Ecophysiology and genetic diversity of hard maples indigenous to eastern North America

Hilaire, Rolston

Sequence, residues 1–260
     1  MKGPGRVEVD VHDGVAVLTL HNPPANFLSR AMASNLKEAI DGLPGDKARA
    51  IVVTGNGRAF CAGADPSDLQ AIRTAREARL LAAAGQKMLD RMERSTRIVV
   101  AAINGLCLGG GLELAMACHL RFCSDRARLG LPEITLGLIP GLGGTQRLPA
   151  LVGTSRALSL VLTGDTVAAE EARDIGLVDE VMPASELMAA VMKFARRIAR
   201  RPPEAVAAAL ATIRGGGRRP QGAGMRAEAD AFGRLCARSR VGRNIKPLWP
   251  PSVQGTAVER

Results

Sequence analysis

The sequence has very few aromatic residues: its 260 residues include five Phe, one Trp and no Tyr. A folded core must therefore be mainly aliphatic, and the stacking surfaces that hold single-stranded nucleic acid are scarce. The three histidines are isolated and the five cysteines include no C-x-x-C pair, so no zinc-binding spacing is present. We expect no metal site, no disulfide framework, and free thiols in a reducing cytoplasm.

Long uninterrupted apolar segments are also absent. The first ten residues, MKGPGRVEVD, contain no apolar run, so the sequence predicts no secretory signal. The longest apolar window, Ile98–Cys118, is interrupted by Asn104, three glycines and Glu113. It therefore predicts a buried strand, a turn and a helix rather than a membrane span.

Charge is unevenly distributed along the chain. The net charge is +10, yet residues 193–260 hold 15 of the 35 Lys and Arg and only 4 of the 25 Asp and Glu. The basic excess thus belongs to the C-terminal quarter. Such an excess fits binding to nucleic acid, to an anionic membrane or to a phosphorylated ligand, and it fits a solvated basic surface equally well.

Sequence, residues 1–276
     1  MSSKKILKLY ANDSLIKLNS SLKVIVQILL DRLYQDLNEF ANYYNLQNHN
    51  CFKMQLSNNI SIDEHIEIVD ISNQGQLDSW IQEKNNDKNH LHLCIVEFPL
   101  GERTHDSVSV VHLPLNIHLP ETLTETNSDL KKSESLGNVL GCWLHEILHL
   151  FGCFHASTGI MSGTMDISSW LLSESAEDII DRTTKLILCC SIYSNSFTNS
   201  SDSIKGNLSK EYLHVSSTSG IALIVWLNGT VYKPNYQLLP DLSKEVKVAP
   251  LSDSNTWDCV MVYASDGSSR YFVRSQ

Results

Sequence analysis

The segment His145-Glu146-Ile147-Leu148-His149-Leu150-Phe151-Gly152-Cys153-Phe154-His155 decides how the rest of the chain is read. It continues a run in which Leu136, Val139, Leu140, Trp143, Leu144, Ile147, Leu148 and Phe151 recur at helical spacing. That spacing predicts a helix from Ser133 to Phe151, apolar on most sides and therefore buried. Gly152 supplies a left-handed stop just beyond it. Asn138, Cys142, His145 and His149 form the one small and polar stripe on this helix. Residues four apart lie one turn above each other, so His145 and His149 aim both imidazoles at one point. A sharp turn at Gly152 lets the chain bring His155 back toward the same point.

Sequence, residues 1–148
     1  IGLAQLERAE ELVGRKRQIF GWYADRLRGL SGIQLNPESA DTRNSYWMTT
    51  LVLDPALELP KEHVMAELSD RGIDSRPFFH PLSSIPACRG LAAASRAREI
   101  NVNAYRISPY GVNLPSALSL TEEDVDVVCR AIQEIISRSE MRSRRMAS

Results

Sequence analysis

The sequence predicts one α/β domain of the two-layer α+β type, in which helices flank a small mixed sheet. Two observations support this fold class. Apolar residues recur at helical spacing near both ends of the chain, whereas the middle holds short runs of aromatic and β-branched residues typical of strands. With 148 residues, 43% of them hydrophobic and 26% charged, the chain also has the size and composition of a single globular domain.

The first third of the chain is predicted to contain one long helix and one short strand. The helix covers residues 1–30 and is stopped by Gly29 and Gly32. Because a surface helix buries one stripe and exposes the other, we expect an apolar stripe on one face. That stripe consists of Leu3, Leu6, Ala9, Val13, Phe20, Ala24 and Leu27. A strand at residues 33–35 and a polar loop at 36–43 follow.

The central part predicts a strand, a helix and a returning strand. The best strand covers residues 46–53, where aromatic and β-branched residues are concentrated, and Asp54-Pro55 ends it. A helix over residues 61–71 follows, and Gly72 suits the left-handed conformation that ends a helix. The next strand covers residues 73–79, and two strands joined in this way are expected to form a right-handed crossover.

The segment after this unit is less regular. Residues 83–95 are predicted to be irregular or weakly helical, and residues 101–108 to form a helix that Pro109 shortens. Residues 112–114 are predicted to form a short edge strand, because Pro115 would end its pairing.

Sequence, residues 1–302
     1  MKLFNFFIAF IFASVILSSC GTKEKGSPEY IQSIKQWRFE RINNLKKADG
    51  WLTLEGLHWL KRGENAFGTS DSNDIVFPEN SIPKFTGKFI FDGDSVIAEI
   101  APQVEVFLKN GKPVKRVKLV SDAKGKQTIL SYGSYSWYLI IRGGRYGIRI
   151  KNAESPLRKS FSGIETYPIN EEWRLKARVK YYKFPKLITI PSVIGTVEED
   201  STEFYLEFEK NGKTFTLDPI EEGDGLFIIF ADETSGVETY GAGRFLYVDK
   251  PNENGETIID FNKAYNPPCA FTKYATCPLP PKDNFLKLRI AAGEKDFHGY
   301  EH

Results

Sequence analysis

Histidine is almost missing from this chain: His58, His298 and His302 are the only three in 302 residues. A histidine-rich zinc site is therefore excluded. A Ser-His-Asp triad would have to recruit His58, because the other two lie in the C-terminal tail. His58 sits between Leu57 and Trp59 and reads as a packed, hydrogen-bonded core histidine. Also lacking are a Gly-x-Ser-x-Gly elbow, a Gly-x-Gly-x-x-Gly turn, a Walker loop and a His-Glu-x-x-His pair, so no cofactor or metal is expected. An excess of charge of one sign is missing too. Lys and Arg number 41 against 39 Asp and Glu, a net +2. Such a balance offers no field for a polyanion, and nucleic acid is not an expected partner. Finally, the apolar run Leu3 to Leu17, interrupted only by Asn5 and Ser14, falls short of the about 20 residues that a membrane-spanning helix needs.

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I examined foliar traits of sugar maple (Acer saccharum Marsh.) and black maple (Acer saccharum Marsh. ssp. nigrum Desm. or Acer nigrum Michx. f.) indigenous near 43°N latitude from 70° to 94°W longitude. Laminae from 90° to 94°W had the highest surface area and a slightly higher percentage of their area in the proximal portion of the blade than leaves from further east. Up to 800 trichomes/cm2 were on the abaxial surface of laminae from west of 85°W longitude, whereas laminae from further east had fewer than 200 trichomes/cm2. Westerly laminae had relatively high stomatal frequency, and stomatal apertures of laminae west of 91°W longitude were particularly narrow. Principal component analysis showed that trees west of 93.1°W longitude in Iowa formed a distinct cluster, while trees from the remaining locations clustered into a second group. In another experiment, I compared water relations, growth, and foliar traits of frequently irrigated and drought-stressed hard maples from central Iowa, eastern Iowa, and the eastern United States. Seedlings irrigated frequently had higher xylem diameter, lamina area, lamina dry mass, root dry mass, shoot:root dry mass ratio, and lamina area:xylem diameter ratio than plants subjected to drought. Although drought reduced predawn leaf water potential, midday water potentials were higher for seedlings subjected to drought (-1.44 MPa) than for frequently irrigated plants (-1.92 MPa). Specific lamina mass and trichome frequency were highest for leaves from central Iowa, for which means were 5.97 mg·cm-2 and 531 trichomes/cm2, respectively. Averaged over regions, drought-stressed plants had 483 abaxial stomates/mm2, while plants irrigated more frequently had 596 stomates/mm2. Interactions of seedling origin and irrigation treatment affected stem length, shoot and total dry masses, and stomatal conductance, which was reduced during drought only among plants from central Iowa. Restriction site patterns in chloroplast DNA for plants from central Iowa, eastern Iowa, and the eastern United States were determined. Analysis of the ndhA intron revealed that TaqI gave a polymorphic site that showed chloroplast types were not geographically localized. My results could impact the selection and evaluation of hard maples for use in managed landscapes prone to drought.